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Exception Handling in JavaScript: Addressing Browser Incompatibilities

Not all browsers handle all code the same way. Differences can be addressed with JavaScript exceptions. These may not be the best way under all circumstances, but you'll find it worthwhile to examine this approach.

Author Info:
By: Alejandro Gervasio
Rating: 4 stars4 stars4 stars4 stars4 stars / 11
October 11, 2005
  1. · Exception Handling in JavaScript: Addressing Browser Incompatibilities
  2. · JavaScript-based http requests: implementing cross-browser object instantiation
  3. · Cross-browser object instantiation: browser detection through exceptions
  4. · Proprietary event handlers: implementing browser-independent event handling
  5. · Assigning events to objects: using exceptions to manipulate event handlers

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Exception Handling in JavaScript: Addressing Browser Incompatibilities
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Welcome to the last part of the series ďException Handling in JavaScript.Ē As you might guess, Iím winding up this tutorial focused on exploring the huge terrain of JavaScript exceptions, by running through numerous examples about their application in real client programs. Indeed, the topic is by far more extensive than can be treated in a few articles, thus complete coverage is nearly impossible. However, Iíve explained in a friendly way the basics of exceptions, by introducing their core concepts as well as their direct implementation in concrete cases.

With reference to a practical application, in my previous article I offered an introduction to using custom error objects in a classic situation -- client-side form validation -- by tackling the issue from a different point of view, certainly distinct from traditional form verification techniques. Whether you use JavaScript as part of overall data validation processes (remember that server-side checking is a must), or simply for adding pre-defined behaviors to the structure of web documents, exceptions can be used to handle errors in a more professional way, by utilizing popular ďtry-catchĒ blocks.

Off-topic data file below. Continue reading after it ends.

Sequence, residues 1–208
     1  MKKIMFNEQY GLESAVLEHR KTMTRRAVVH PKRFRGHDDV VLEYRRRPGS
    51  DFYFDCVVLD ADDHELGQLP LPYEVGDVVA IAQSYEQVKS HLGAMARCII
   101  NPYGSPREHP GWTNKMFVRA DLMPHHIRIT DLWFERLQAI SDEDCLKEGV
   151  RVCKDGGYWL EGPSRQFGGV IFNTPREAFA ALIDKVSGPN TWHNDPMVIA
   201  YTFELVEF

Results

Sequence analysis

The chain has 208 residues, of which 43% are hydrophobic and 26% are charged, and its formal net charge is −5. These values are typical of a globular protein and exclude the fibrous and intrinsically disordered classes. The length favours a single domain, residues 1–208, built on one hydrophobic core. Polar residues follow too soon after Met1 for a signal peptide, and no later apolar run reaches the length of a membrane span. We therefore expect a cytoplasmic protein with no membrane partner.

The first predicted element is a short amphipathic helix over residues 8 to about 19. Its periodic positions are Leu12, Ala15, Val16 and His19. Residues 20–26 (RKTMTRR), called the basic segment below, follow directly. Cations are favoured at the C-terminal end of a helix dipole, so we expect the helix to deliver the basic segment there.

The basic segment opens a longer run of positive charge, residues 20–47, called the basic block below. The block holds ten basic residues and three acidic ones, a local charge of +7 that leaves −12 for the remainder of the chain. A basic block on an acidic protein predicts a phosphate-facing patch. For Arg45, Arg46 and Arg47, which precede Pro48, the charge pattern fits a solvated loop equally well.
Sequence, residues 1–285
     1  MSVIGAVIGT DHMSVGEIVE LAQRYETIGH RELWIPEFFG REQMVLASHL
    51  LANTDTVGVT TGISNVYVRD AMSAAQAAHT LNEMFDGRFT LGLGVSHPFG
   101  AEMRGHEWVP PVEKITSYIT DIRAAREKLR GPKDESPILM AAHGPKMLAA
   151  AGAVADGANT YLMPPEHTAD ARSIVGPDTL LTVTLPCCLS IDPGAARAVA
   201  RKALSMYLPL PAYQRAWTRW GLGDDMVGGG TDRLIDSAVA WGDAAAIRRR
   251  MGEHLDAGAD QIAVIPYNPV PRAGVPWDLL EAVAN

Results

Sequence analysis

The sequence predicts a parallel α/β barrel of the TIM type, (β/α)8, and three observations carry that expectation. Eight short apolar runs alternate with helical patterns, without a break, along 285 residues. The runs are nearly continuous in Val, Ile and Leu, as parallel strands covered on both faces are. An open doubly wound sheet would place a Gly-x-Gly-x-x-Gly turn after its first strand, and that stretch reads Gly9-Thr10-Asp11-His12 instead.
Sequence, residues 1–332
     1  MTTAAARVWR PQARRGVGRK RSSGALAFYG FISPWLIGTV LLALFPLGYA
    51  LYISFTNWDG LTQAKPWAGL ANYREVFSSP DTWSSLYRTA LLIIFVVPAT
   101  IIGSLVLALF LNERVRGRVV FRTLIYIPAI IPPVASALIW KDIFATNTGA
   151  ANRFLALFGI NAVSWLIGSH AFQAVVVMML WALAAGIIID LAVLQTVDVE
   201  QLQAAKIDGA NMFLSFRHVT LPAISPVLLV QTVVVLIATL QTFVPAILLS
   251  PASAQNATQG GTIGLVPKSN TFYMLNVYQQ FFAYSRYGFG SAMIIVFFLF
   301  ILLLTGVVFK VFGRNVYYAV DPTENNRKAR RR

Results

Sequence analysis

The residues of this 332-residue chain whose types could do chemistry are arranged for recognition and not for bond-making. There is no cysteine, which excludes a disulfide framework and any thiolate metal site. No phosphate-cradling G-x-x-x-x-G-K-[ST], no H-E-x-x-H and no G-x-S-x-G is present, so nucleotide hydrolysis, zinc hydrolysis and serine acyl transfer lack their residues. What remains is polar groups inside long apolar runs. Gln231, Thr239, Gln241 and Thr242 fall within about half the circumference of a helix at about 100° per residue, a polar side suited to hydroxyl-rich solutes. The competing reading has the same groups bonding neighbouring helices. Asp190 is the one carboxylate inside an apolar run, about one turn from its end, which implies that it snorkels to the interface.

Since most of the examples that Iíve shown through this series are aimed at providing you with the required background to use exceptions in practical cases, over this last part Iíll continue sticking to that approach by demonstrating particularly how some browser incompatibilities can be addressed with exceptions. Of course, Iím not claiming this method is the best way to deal with all browser inconsistencies, but certainly it does offer an alternative method thatís worth reviewing.

Now that you know what this last part of the series is about, letís see a few examples that use exceptions for solving some browser-related incompatibilities.

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